Life seems to be getting even better for Linus Torvalds. Having just taken a leave from his "day job'' at chip designer Transmeta, Torvalds is about to begin a new one at the Open Source Development Lab (OSDL) where he will be able to focus even more on completing the upcoming 2.6 version of the Linux kernel. This version is seen by most observers as critical for Linux to succeed in the enterprise because it is being refined to work more capably on large, multiprocessor systems, especially those using nonuniform memory access, and given significant improvements in scalability and more reliable performance.
At this week's CA World 2003 show in Las Vegas, Torvalds sat down with InfoWorld Editor at Large Ed Scannell and Staff Writer Brian Fonseca to talk about the completion this past weekend of Version 2.6's first test release; what will keep him up at night worrying about that test release; his thoughts about the impending SCO-IBM suit and possible impact on Linux development; and something of a wish list of technologies to be included in upcoming versions of the open source operating system.
InfoWorld: How difficult a development effort was Version 2.6 compared with previous efforts? Are they getting increasingly difficult as you include more complex features?
Torvalds: This was fairly comparable to Version 2.4. It is hard to tell, really. I actually put out the first test release on Sunday evening [July 13], and that is the last beta of the program. With 2.4, that testing took about six or seven months to complete. But I think we are actually in better shape this time; we are aiming for three months but we will see what happens. It has gotten slightly more complicated, mainly because there are now more people involved. And what I mean is that doing a release always means synchronizing. And when you have more people to synchronize it takes longer because you get more issues that come up. But on the whole it was not that different from 2.4.
InfoWorld: When you say more people were involved, what people were involved this time who have not typically been so before?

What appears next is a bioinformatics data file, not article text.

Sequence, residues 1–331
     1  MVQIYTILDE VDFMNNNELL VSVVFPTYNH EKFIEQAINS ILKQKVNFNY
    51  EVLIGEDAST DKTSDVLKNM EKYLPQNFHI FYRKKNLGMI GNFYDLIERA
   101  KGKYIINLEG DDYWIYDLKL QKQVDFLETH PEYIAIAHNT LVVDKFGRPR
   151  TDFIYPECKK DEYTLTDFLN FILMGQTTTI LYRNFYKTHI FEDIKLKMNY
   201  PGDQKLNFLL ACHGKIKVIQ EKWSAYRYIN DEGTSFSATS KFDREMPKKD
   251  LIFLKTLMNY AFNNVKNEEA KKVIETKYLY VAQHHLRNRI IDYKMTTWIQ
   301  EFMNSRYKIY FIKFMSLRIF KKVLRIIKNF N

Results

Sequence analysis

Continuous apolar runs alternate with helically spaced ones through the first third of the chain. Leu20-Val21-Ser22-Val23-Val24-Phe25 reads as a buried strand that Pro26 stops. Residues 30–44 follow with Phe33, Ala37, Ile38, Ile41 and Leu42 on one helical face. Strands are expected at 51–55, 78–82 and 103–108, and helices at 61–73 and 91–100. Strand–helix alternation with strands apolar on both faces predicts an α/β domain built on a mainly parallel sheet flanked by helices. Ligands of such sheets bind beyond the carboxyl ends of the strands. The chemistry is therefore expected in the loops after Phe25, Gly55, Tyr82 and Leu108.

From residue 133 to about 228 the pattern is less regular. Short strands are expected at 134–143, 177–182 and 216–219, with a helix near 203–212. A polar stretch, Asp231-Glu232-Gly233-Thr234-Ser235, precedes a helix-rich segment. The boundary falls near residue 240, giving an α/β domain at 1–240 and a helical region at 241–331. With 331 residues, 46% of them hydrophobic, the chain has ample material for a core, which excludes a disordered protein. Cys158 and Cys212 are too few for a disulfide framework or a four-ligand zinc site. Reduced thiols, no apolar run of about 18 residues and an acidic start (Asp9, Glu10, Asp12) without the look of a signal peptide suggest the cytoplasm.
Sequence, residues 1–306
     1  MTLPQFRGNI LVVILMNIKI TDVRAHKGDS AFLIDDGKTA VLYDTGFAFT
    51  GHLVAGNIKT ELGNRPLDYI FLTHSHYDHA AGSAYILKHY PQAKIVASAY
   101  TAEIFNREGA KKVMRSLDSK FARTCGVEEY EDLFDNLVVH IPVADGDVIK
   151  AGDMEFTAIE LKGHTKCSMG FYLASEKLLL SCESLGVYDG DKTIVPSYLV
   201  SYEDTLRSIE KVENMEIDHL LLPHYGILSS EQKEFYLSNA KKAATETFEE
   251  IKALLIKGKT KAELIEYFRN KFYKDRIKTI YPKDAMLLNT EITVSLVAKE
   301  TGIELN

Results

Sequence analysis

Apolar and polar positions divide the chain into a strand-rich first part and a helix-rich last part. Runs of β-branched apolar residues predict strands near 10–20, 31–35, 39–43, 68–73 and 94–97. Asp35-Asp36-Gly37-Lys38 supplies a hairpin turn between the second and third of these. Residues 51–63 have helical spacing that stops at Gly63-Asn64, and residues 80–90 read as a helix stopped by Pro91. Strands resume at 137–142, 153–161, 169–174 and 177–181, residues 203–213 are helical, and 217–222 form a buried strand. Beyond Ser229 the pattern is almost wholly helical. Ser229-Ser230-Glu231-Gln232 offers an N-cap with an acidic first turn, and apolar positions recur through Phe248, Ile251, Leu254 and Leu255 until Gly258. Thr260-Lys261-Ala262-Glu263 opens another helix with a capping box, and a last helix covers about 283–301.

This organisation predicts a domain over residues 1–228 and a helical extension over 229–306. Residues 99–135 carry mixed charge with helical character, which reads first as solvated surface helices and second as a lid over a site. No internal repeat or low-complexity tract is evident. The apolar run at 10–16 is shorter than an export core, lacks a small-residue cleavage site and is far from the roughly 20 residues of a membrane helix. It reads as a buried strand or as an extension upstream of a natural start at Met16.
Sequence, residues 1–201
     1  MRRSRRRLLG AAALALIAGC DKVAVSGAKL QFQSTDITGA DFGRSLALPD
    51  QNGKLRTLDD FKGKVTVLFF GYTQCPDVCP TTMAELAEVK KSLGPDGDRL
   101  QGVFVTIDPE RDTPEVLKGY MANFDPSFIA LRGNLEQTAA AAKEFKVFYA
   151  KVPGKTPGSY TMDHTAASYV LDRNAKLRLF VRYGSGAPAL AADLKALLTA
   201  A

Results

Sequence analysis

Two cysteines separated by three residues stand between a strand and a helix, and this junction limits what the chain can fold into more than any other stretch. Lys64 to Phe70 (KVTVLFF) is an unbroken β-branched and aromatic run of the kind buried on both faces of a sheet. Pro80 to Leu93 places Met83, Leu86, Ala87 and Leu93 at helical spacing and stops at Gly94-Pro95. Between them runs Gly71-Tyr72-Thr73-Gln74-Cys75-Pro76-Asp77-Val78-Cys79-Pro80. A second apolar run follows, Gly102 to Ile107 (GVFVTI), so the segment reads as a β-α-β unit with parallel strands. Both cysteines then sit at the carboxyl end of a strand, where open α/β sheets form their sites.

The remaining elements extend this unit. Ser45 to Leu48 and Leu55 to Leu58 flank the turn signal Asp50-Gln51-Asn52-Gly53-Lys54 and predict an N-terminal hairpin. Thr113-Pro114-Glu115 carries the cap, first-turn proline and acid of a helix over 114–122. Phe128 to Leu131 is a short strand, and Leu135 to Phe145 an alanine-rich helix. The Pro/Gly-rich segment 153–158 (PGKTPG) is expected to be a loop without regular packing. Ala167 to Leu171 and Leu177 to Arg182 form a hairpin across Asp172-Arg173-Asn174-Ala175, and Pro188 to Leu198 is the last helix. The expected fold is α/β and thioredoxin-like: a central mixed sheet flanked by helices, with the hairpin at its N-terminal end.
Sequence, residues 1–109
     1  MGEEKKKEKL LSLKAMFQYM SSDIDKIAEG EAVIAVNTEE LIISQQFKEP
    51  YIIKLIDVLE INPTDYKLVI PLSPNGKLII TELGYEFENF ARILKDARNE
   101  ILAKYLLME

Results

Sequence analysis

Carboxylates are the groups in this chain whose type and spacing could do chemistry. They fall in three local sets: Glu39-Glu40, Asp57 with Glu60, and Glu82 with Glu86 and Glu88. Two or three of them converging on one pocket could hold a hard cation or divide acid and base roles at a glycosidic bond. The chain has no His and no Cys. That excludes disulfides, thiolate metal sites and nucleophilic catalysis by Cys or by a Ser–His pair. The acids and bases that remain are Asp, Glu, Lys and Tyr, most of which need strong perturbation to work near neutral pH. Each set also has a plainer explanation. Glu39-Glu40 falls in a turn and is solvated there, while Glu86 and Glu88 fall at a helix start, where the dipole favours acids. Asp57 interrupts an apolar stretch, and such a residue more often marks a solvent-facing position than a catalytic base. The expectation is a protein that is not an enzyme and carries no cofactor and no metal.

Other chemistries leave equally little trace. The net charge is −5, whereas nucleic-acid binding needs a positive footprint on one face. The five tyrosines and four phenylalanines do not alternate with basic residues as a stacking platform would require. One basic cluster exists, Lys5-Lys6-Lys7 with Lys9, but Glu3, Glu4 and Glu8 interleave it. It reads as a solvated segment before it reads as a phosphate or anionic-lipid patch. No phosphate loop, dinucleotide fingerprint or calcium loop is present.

Torvalds: In previous efforts, and I mean looking back at [Version] 2.0 or the precommercial days, most of the people involved tended to be literally engineers along with some involvement of the early Linux companies. But these days you still have all the engineers, but now you also have a number of larger companies. They interact with the kernel through their own engineers but they have their own issues that they want to make sure are sorted out and things like that. So that is really where the added people came from.
InfoWorld: In joining OSDL do you think you will have more technical resources at your disposal, thereby making the development efforts easier and the delivery of future kernels faster?
Torvalds: Well, long before I joined they had their own test projects. They had their own server farms where they developed not just their own hardware tests but literally had database loads to test Linux on their own load so could verify both performance and how they were operating. That has been all independent of me. What OSDL gives me is basically a little space where I can do Linux full time. And I don’t rely on OSDL itself. I consider that very independent of what I do. It is important, but it is not like my moving there changes much.
InfoWorld: How many test versions do you anticipate putting out before the code goes to GA (general availability)?